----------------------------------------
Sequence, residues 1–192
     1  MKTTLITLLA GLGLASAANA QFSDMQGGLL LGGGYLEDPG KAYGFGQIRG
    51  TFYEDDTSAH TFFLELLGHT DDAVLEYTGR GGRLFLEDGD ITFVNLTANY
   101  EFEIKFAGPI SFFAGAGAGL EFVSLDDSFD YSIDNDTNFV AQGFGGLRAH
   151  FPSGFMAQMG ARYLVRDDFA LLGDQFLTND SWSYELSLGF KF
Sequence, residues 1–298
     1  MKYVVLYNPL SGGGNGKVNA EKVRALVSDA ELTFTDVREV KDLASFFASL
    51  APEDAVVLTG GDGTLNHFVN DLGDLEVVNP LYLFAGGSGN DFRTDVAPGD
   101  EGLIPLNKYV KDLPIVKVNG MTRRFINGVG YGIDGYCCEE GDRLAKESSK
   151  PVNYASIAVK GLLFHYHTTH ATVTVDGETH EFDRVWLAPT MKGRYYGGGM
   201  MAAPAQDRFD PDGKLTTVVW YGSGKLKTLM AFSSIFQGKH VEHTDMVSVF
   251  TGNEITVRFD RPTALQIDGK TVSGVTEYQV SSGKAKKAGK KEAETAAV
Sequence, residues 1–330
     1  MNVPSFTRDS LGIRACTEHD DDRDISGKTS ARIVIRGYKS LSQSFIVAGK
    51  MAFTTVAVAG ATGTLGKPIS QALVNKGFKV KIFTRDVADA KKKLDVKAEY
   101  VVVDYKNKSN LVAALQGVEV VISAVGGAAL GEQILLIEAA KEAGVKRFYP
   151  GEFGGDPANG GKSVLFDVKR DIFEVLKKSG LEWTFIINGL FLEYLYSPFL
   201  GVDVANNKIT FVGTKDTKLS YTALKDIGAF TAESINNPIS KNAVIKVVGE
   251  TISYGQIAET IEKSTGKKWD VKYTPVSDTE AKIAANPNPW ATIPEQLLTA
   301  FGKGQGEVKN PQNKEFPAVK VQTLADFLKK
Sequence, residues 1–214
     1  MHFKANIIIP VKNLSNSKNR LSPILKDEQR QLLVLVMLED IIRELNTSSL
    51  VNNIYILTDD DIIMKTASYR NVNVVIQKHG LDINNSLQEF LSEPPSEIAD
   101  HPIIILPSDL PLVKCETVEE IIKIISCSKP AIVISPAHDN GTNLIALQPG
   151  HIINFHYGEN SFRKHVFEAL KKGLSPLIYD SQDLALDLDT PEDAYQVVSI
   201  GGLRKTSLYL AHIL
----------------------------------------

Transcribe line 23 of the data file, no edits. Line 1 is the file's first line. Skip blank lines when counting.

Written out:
    51  VNNIYILTDD DIIMKTASYR NVNVVIQKHG LDINNSLQEF LSEPPSEIAD